Take the 2-minute tour ×
Stack Overflow is a question and answer site for professional and enthusiast programmers. It's 100% free, no registration required.

Ok, I'm certainly familiar with walking through a table using a read-only cursor, but I can't seem to find the right syntax for actually updating the current row (Neither the cursor page nor the UPDATE page in books online seems to show this simple operation):

DECLARE @counter int;
SET @counter = 1;
        SELECT RowID, Value FROM myTable
        FOR UPDATE OF Value;
OPEN myCursor;
WHILE @counter < 100
    FETCH NEXT FROM myCursor
    UPDATE myCursor SET Value = @Counter << DOESN'T WORK 
    SET @counter = @counter + 1
CLOSE myCursor

I also tried just SET Value = @Counter and using an INTO @Value on the FETCH, but couldn't seem to get that to work either.

This is obviously over-simplified, there are much more efficient ways to just "count" down a column. I won't bore you with the actual calculation.

Yes, I do need a cursor and not an UPDATE on the entire table (the value for each successive row will be based on a calculation that depends on the prior row already being written).

Testing this initially on SQL 2005, but I will need to port the code to SQL 2000 and 2008 as well. Thanks!

share|improve this question

1 Answer 1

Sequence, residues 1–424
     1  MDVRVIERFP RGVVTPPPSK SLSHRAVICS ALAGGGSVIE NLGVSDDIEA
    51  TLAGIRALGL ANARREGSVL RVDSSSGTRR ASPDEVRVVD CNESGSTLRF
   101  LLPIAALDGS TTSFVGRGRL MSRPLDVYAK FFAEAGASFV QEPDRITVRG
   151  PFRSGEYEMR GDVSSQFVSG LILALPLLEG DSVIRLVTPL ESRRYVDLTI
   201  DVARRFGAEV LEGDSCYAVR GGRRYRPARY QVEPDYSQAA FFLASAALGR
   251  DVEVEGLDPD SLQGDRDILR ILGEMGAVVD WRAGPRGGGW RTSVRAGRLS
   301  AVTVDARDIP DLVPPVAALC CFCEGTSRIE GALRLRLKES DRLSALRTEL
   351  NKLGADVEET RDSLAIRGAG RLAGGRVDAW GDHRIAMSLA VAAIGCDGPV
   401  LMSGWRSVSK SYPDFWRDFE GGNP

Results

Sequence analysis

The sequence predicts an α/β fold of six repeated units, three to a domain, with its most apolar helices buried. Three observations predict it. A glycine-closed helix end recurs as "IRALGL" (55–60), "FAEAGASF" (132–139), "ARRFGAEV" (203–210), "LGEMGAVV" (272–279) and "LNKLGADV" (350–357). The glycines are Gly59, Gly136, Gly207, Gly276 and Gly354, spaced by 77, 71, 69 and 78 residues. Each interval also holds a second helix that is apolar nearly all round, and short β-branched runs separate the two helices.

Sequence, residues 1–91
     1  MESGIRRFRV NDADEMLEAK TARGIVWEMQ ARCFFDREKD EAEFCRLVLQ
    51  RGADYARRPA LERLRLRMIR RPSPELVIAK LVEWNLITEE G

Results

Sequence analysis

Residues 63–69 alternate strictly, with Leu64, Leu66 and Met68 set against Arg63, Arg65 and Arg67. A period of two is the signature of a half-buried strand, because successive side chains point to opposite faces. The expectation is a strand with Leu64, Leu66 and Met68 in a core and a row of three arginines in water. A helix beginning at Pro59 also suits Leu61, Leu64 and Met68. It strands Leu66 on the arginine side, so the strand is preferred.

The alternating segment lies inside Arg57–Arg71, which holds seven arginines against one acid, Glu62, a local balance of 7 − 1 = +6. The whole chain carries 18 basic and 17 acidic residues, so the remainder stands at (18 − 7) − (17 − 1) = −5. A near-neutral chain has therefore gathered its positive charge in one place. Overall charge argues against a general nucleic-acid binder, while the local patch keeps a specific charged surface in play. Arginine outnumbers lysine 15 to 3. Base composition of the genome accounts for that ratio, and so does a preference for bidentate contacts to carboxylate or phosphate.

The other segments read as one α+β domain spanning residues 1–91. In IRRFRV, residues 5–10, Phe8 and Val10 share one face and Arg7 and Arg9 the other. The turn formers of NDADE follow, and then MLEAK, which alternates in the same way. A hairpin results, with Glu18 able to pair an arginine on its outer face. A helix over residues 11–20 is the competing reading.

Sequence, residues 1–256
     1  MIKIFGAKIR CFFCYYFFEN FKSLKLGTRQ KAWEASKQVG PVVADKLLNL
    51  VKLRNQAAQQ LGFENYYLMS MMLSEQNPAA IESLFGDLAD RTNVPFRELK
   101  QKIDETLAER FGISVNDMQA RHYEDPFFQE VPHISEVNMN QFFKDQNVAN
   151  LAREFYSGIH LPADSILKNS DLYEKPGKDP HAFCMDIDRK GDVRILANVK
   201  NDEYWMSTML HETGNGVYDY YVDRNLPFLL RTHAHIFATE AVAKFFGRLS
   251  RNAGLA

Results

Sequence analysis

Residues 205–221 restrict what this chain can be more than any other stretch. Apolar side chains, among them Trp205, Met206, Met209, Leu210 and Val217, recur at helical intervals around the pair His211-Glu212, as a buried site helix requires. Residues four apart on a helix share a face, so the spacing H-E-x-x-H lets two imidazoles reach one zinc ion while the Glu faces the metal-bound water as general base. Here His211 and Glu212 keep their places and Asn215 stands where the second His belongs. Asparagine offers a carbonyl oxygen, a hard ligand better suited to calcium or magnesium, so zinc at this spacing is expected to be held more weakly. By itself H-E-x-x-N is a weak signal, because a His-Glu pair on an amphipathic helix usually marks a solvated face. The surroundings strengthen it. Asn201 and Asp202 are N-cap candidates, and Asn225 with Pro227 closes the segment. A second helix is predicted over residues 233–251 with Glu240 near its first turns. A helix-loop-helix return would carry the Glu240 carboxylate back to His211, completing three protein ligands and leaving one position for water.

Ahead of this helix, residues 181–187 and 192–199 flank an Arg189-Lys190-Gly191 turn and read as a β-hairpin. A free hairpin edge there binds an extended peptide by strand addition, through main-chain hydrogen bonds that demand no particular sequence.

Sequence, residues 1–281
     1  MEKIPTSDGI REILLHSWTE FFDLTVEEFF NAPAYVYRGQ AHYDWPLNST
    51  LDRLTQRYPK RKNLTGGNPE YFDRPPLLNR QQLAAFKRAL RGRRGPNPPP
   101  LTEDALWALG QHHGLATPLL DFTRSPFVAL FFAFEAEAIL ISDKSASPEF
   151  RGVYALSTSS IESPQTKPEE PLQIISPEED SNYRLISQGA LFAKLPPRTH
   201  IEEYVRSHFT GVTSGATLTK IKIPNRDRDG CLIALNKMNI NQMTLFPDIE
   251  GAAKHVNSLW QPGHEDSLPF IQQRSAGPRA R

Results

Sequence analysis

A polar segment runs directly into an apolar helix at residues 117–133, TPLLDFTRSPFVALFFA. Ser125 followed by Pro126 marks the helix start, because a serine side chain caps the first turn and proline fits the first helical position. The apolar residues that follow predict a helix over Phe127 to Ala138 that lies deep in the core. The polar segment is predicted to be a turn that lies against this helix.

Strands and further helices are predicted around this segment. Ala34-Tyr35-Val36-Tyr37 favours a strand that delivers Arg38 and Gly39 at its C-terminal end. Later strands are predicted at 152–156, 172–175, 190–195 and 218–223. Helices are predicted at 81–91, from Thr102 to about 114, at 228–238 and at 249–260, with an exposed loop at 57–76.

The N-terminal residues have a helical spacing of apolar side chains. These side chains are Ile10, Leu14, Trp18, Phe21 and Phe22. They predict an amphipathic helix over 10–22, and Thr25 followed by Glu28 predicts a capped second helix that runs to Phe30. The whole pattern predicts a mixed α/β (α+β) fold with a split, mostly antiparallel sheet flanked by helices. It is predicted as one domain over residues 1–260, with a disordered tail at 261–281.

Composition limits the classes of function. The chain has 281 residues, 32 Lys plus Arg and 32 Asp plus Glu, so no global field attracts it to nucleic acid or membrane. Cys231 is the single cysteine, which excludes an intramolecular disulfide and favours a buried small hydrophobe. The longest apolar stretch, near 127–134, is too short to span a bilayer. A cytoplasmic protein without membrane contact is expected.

up vote 2 down vote accepted

You want to use WHERE CURRENT OF -

DECLARE complex_cursor CURSOR FOR
    SELECT a.BusinessEntityID
    FROM HumanResources.EmployeePayHistory AS a
    WHERE RateChangeDate <> 
         (SELECT MAX(RateChangeDate)
          FROM HumanResources.EmployeePayHistory AS b
          WHERE a.BusinessEntityID = b.BusinessEntityID) ;
OPEN complex_cursor;
FETCH FROM complex_cursor;
UPDATE HumanResources.EmployeePayHistory
SET PayFrequency = 2 
WHERE CURRENT OF complex_cursor;
CLOSE complex_cursor;
DEALLOCATE complex_cursor;

That is from MSDN.

share|improve this answer
Ok, that seemed to work. Any significant difference between that and just doing FETCH NEXT FROM myCursor INTO @RowID followed by UPDATE myTable SET Value = 2 WHERE RowID = @RowID? –  BradC Dec 21 '10 at 23:35
I am glad to say that I use cursors little enough not to know! :) I guess it's a case of test with a couple of rows and see how the plan looks. I can't really imagine it being much different, to be honest - especially if @RowID is the clustered index key. –  Matt Whitfield Dec 21 '10 at 23:43
Some updates to the underlying table in the cursor won't be seen unless you use the "Where Current Of" syntax - see the Declare Cursor Docs in MSDN. Search the page for "Where current of" and you'll see the details. It's not a common issue. –  grahamesd Dec 13 '12 at 17:47

Your Answer


By posting your answer, you agree to the privacy policy and terms of service.

Not the answer you're looking for? Browse other questions tagged or ask your own question.